Futures don’t just apply to commodities like corn, wheat, milk, or oil, though. Investors also trade futures contracts on:
- Precious metals
- Stock indexes
- Treasury notes
And now, futures contracts apply to cryptocurrencies, such as Bitcoin. Still, these crypto futures ETFs are predictably a bit more complex.
How Do Bitcoin Futures ETFs Work?
Over the past few years, the Securities Exchange Commission (SEC) has received numerous applications from companies looking to create ETFs with Bitcoin in them. To date, though, the SEC has rejected spot-based Bitcoin ETF approval (meaning ETFs that hold actual BTC).
As a result, what are often called “Bitcoin ETFs” in the news are more accurately described as Bitcoin futures ETFs. These funds don’t hold actual Bitcoin, and experts say it is unlikely we’ll see ETFs backed by actual Bitcoin for quite some time.
Rather, the current wave of BTC futures ETFs comprise a form of “synthetic” Bitcoin. Backed by a mix of securities and other assets as collateral, this synthetic Bitcoin is designed to deliver returns similar to Bitcoin’s actual returns during the period of the contract. It is somewhat ironic that the collateral held by BTC futures ETFs usually consists of treasury bills and fiat currencies, in addition to futures.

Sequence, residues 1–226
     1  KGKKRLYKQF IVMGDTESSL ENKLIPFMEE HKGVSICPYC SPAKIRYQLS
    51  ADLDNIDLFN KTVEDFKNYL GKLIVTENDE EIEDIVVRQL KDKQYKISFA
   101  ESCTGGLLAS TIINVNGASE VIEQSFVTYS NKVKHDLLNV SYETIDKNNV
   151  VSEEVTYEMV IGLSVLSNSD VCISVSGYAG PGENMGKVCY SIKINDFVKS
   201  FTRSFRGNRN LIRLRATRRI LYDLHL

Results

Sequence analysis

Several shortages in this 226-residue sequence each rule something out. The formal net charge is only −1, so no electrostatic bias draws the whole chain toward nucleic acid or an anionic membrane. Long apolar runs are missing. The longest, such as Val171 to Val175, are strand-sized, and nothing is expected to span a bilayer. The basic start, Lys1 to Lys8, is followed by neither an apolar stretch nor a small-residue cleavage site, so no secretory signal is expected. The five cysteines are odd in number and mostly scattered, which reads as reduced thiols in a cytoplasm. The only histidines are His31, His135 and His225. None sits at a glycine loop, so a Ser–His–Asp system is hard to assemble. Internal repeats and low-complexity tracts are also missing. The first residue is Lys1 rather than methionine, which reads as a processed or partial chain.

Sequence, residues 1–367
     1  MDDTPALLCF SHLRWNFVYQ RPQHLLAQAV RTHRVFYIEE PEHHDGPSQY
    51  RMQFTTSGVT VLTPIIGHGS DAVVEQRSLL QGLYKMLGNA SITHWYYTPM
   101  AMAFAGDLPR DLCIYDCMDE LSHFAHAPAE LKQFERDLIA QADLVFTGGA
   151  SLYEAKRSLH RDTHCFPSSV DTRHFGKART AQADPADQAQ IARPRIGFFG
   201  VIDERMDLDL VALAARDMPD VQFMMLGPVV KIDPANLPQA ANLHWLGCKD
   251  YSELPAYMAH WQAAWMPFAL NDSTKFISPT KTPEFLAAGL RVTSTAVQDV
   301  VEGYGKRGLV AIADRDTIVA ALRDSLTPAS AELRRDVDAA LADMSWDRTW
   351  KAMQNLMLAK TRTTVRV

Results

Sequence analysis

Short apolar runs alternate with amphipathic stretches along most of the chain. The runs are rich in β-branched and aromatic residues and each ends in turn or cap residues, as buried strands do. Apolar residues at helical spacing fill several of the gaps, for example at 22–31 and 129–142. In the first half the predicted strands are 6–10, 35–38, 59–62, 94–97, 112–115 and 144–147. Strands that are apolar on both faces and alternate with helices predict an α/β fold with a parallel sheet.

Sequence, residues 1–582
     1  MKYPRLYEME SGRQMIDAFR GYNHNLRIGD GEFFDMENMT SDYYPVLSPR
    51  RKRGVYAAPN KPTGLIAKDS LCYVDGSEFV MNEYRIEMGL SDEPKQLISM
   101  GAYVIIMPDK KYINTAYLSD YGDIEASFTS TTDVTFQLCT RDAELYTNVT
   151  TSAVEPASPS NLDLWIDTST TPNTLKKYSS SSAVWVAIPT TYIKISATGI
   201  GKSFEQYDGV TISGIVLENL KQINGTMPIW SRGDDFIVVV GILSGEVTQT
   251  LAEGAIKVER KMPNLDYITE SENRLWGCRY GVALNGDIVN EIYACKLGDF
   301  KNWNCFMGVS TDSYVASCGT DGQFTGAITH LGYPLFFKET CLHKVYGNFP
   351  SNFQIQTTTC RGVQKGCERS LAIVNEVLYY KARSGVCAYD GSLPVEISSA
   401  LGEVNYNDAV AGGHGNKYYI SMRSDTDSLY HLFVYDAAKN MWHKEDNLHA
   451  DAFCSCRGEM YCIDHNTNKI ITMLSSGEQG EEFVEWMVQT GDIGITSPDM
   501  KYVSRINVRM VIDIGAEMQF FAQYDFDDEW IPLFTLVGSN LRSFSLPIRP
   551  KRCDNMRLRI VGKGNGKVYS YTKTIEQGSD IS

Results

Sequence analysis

In other words, with a Bitcoin futures ETF, you’re betting on what the price of Bitcoin will be when a given contract expires. This means these funds will not give you long-term Bitcoin exposure. So why invest in a Bitcoin futures ETF vs. actual Bitcoin?
Is a Bitcoin ETF a Good Idea for You?
While there are pros and cons to investing in crypto futures ETFs, the decision ultimately comes down to your investment style and goals, especially over the long term.
Bitcoin ETFs can feel familiar to those who prefer to invest through traditional brokerage accounts. Despite offering typically straightforward pricing, they can come with hefty fees and other trading costs—meaning there are likely less costly ways to invest in Bitcoin and other cryptos.
Because ETFs are heavily regulated, some would argue they are at lower risk of fraud than some of the unregulated crypto exchanges out there. Additionally, since Bitcoin ETFs are not able to offer exposure to the actual assets, there’s no risk of losing the keys to a digital wallet. For this reason, investors might see Bitcoin ETFs as a simpler and “less risky” way to invest.
Investors should, however, note that while ETFs generally track the performance of the market, investing in futures often involves a great deal of speculation. Crypto is also a highly volatile asset class. Futures ETFs, in particular, can behave in unexpected ways, especially in volatile markets—meaning Bitcoin ETFs could pose a risk even to sophisticated investors.